The Covid-19 pandemic was not a “black swan” event. It was not extraneous to a political economy driven by voracious profit-maximising inordinately privileging a tiny global minority. Land grabs, deforestation, monoculture crops and general habitat destruction have brought humans into closer contact with virus-incubating wild animals. Global value chains between low-wage economies and centres of rent-seeking and consumption have acted as vectors for rapid transmission.

Even in the more advanced economies, far away from a Wuhan or an Equatorial Guinea, factory farming and the routine use of antibiotics have resulted in the emergence of new strains of superbacteria and virulent (but regional for the moment) epidemics. A global pandemic of the kind we are now experiencing was predictable and predicted. Even bigger threats loom from the destructive effect of climate change, which if not thwarted will make large parts of the world uninhabitable.

The Covid-19 health emergency will plunge the global economy into a recession worse than the 2008-2009 Great Recession. It could even track the 1930s Great Depression. SA will experience a GDP contraction of 6% or more and unemployment, already at crisis levels, will nearly double.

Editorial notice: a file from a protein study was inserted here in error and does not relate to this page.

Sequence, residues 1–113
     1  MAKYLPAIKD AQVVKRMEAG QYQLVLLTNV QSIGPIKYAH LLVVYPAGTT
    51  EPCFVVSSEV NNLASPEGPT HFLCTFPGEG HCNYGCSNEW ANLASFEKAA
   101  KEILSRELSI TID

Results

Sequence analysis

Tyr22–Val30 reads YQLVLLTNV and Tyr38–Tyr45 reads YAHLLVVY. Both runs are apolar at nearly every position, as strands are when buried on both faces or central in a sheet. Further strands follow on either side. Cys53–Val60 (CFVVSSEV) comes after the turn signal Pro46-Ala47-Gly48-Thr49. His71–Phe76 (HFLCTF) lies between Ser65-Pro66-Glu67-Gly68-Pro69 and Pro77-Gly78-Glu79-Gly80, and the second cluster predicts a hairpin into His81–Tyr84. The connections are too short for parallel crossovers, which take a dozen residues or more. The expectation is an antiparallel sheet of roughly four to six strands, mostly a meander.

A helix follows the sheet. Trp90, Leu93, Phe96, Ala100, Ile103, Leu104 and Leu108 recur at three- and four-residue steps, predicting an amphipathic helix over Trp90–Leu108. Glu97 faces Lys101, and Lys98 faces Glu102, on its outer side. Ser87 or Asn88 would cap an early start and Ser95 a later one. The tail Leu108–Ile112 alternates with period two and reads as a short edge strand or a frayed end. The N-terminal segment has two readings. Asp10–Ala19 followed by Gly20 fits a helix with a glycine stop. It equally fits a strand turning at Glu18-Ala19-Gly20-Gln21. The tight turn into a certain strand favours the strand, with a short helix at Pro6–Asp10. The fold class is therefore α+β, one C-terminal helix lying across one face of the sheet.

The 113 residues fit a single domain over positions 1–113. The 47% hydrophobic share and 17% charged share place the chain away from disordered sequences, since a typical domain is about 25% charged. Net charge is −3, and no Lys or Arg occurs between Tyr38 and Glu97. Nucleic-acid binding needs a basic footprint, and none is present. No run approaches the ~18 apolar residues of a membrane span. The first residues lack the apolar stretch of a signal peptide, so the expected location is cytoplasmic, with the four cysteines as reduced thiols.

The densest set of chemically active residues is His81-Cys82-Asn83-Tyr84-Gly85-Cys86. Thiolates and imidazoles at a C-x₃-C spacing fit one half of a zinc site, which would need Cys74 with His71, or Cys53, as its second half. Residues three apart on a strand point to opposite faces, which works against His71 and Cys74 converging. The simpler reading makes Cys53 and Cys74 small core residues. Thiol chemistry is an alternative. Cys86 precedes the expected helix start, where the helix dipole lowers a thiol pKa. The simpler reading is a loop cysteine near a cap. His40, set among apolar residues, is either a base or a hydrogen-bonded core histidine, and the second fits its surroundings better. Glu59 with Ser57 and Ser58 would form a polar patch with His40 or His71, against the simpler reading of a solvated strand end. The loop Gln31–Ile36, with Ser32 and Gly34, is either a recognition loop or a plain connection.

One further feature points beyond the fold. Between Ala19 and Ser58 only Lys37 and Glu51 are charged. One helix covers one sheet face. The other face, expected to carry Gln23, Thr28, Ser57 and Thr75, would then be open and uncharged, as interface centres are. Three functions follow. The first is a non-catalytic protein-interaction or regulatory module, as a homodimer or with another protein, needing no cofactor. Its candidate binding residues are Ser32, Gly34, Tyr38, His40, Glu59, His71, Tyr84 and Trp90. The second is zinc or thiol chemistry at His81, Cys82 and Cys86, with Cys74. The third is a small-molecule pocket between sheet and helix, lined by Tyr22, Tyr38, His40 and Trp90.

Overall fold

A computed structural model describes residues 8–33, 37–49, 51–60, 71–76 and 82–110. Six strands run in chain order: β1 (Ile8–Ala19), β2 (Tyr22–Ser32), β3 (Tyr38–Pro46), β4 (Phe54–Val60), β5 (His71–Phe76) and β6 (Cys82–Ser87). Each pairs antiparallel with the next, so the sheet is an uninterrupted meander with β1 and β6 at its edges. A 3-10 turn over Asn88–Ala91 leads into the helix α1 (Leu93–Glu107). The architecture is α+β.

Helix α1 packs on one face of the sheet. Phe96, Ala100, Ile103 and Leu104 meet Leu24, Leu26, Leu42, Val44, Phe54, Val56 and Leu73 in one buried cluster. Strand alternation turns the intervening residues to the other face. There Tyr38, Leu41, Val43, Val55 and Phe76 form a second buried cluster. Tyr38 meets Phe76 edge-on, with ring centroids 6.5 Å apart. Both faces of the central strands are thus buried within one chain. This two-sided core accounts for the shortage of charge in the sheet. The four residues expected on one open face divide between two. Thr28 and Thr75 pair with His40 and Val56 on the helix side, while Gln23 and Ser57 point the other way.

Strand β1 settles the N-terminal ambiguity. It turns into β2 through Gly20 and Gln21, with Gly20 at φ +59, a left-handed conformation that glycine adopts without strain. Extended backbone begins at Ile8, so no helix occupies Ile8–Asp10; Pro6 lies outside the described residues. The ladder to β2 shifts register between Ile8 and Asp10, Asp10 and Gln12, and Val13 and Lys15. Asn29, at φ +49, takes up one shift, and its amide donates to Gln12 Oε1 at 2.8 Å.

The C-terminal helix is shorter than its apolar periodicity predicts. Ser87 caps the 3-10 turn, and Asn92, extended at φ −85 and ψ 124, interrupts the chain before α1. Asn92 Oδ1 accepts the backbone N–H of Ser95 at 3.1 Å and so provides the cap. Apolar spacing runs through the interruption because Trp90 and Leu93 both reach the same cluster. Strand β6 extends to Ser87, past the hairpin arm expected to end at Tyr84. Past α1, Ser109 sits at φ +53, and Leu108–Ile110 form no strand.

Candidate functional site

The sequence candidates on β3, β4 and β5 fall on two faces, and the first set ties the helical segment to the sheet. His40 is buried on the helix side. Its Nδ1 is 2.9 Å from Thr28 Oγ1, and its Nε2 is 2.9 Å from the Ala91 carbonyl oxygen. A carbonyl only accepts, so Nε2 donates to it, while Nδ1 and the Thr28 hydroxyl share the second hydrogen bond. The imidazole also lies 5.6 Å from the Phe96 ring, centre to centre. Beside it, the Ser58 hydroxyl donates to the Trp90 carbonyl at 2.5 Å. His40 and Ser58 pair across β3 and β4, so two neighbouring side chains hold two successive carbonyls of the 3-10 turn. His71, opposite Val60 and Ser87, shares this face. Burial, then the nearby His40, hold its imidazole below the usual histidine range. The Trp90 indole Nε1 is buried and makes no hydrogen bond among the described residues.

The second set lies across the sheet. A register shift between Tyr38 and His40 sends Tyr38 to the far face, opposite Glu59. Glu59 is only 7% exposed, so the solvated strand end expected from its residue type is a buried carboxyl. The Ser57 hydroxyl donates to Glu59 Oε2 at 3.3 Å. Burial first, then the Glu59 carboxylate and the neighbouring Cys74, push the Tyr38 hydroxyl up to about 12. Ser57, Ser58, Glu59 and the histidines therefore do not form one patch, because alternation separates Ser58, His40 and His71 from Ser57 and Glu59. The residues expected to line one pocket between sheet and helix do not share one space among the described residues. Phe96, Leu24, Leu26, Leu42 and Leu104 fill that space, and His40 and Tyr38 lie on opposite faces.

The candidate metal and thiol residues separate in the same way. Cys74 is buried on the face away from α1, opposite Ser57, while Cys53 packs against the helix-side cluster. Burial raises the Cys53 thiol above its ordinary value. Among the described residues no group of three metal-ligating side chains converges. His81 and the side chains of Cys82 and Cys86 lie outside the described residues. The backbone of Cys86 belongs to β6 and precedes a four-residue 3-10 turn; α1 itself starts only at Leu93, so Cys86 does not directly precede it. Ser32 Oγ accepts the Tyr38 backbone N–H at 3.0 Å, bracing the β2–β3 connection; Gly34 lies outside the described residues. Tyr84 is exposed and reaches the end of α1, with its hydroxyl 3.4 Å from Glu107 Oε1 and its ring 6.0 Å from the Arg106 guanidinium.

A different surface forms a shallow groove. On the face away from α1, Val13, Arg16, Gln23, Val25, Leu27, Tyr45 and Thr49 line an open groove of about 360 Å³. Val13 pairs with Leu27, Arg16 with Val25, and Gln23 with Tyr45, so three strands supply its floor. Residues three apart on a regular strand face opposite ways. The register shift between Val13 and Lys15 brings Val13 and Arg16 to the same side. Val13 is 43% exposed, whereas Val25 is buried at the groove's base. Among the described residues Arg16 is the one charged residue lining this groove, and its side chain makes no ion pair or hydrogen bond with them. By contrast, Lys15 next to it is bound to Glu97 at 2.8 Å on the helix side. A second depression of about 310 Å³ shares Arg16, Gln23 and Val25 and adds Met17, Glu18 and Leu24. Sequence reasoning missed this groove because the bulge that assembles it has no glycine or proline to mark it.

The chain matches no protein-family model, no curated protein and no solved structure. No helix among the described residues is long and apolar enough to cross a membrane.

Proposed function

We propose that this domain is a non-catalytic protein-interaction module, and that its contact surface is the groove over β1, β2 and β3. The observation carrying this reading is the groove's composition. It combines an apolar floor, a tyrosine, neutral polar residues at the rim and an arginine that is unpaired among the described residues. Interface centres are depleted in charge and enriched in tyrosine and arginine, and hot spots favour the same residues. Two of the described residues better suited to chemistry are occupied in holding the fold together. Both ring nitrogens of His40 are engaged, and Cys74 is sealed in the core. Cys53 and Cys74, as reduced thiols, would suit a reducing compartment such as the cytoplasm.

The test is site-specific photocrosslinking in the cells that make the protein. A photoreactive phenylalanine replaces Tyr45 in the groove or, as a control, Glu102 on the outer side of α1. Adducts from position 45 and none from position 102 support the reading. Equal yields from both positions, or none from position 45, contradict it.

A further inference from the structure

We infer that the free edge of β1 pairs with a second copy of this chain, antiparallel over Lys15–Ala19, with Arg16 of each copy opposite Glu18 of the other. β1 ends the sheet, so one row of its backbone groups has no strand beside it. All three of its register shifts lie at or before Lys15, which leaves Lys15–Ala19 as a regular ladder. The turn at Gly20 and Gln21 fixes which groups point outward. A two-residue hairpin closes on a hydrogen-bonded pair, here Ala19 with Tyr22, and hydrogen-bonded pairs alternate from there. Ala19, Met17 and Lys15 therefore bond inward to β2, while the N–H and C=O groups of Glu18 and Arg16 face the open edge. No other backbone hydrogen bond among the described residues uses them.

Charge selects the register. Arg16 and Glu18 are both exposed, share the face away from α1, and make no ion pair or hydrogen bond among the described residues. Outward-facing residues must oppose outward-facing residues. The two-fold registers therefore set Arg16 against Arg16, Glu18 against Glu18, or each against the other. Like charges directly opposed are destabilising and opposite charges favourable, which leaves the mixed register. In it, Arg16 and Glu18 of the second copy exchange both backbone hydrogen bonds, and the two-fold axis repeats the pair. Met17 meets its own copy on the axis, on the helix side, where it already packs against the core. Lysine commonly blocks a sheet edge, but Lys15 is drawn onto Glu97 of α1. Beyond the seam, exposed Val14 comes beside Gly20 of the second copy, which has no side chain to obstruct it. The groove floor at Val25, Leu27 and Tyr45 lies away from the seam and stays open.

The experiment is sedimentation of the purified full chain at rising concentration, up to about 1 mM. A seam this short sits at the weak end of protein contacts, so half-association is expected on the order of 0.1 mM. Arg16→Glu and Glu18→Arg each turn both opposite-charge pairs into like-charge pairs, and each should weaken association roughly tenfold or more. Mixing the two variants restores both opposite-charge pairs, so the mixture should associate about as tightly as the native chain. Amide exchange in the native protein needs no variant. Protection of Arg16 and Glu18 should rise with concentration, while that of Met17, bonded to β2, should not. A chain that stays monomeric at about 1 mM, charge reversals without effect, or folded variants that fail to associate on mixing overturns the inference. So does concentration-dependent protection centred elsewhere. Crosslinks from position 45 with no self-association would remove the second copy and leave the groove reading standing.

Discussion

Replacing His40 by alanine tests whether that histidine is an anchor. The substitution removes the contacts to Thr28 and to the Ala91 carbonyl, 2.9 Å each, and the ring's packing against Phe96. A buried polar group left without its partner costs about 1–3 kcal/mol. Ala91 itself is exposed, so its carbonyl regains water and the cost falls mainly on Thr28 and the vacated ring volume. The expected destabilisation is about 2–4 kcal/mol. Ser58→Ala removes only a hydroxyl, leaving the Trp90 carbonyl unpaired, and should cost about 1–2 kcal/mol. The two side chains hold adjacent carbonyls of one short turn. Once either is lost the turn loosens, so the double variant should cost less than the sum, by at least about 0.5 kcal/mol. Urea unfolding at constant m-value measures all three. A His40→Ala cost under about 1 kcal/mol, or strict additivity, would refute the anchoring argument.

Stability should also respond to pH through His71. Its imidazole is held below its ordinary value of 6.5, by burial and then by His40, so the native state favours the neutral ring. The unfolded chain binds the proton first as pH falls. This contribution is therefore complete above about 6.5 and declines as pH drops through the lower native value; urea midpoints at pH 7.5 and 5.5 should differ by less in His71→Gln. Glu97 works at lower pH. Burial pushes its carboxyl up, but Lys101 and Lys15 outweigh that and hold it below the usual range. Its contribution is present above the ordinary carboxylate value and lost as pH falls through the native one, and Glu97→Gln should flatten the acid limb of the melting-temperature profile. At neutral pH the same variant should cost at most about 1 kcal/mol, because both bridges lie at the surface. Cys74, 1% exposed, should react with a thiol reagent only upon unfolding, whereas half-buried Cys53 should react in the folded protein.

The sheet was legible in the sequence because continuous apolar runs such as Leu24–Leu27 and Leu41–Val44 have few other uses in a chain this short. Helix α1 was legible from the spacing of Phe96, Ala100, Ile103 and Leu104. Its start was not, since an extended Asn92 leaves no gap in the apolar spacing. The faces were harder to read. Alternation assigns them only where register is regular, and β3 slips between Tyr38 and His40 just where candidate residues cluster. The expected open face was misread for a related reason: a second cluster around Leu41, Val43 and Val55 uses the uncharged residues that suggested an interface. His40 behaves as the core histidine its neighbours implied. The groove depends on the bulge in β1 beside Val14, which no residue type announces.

The SACP and its alliance partners have commended the active leadership role played by President Cyril Ramaphosa and his government in the face of the health crisis. Their early and sustained response to the pandemic has been in marked contrast to tragic denialism and laissez-faire mis-leadership in some more developed countries.

We need serious land reform that finally begins to abolish health-risky and unproductive apartheid urban settlement patterns, rural destitution and food insecurity

Finding the right balance between curbing the pandemic while ensuring livelihoods in the complex reality of SA is not easy. Mistakes may be made. Excessive reliance on blunt-edged law enforcement must be condemned. Collective learning, especially from those on the health front line, respect for science, broad social mobilisation, consensus building, and a thousand and one local social solidarity initiatives should be our guiding themes.

But what will SA’s trajectory be in a post-Covid reality (if, indeed, there is to be one)? That trajectory will be determined partly by how we respond now. One thing is certain: we cannot go back to the crisis before this crisis. We cannot return to the virulent unemployment, poverty and inequality of 2019 and preceding decades.

We need serious land reform that finally begins to abolish health-risky and unproductive apartheid urban settlement patterns, rural destitution and food insecurity. We need a huge infrastructure programme that is labour intensive, that drives a green, just transition, building economic, social and environmental resilience and sustainability. We need a serious (re)-industrialisation programme, finally at a scale that breaks the chains of our colonially defined place in the global division of labour as producer and exporter of primary products.

In short, we need a major structural transformation programme — not structural reform in the sense given to that term by the IMF and ratings agencies, not the further slashing of public health budgets, not the further undermining of worker rights, not the further liberalisation of footloose speculative capital. Above all, it means ending austerity.

Increasing indebtedness